Mini-IVF or micro IVF (also called mild or minimal stimulation in vitro fertilization), is a very similar option to IVF but with low stimulation of the ovaries. It’s an option for women who may respond better to lower doses of medication and the quality of the eggs.
The method involves giving a woman a daily pill for 10 to 12 days that contains a low dose of the fertility drug Clomid. This drug stimulates ovulation by blocking the estrogen receptors at the hypothalamus, which is known as an important “hormonal control center” for the body, according to the University of Maryland Medical Center. Clomid helps the hypothalamus stimulate the release of follicle stimulating hormone (FSH) and luteinizing hormone (LH), which are stimulants that trigger ovulation in a woman’s cycle.
Throughout the mini-IVF treatment, women undergo a series of ultrasounds to check if their eggs are growing healthily. Once a woman’s eggs are deemed large enough, approximately 10 days later, doctors then remove them during a five-minute operation that doesn’t require general anesthesia, reports the Daily Mail.
Why try Mini IVF?
Some women can’t, or don’t want to, take many fertility medications. For these women, Mini IVF may be an appropriate alternative. Supporters claim that Mini IVF costs less, has fewer side effects, takes less time, and is more comfortable than standard IVF. Critics say that you may never see these benefits of Mini IVF since you may just have to do more IVF cycles until you become pregnant.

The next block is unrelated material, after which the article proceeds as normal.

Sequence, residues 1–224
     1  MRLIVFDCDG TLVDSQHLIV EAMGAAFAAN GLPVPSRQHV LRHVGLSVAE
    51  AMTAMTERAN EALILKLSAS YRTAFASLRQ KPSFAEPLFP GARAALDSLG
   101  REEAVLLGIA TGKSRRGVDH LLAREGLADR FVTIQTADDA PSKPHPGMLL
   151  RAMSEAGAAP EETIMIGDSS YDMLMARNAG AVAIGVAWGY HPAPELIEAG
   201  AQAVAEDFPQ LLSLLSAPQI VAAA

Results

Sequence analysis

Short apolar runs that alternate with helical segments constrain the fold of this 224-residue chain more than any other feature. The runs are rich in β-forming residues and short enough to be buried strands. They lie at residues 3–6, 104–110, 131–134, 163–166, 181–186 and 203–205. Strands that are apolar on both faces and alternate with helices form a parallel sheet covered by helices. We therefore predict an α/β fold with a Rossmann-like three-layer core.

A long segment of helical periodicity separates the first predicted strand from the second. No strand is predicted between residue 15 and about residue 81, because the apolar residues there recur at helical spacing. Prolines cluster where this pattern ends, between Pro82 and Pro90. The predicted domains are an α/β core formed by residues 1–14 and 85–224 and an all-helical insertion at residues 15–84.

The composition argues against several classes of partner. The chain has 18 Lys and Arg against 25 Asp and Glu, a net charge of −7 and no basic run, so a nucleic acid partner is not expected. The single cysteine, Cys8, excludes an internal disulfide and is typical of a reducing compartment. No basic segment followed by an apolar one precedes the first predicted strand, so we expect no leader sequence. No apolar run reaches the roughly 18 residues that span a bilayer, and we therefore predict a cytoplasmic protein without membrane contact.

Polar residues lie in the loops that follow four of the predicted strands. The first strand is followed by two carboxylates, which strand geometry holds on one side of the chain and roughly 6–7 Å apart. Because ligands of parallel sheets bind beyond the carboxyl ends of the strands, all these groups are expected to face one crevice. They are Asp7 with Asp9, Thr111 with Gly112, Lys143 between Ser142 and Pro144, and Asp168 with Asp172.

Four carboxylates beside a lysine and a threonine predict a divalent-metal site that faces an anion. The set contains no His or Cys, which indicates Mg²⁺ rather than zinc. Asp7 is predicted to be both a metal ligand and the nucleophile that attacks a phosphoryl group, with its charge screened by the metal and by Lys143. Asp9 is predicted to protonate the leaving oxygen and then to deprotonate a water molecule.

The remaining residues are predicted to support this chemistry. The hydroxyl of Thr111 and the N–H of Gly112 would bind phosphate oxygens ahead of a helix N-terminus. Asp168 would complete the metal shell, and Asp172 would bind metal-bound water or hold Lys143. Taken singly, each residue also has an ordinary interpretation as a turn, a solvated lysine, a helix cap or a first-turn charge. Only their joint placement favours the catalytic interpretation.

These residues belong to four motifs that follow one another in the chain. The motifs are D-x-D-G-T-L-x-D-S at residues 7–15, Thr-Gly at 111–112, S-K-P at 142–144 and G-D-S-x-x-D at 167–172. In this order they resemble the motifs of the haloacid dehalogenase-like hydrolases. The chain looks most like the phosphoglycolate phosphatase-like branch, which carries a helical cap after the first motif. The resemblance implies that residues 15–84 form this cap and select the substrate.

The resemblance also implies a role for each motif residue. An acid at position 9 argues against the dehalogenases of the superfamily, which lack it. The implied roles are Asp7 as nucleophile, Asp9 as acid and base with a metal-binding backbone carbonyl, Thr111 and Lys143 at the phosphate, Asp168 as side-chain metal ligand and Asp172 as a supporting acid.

Couples who are eager to find ways to reduce the cost, time commitment, and side effects of standard IVF, may consider Mini IVF, even with its lower success rates. Mini IVF may be right for you if you:
- Are under 35
- Have tubal factor infertility
- Do not have male factor infertility
- Cannot tolerate the injections of traditional IVF
- Have diminished ovarian reserve and don’t respond well to gonadotropin injections.
If Mini IVF sounds appealing, ask your doctor if your fertility clinic offers this procedure. Avoiding daily injections may no doubt reduce your risk of ovarian hyperstimulation syndrome (OHSS). OHSS is a serious problem that sometimes occurs with standard IVF treatment.
For more Information you can also consult WF Team member Dr. Vaishali Tandon who has been an Infertility Specialist for last 7 years.
The Content is not intended to be a substitute for professional medical advice, diagnosis, or treatment. Always seek the advice of your physician or other qualified health provider with any questions you may have regarding a medical condition.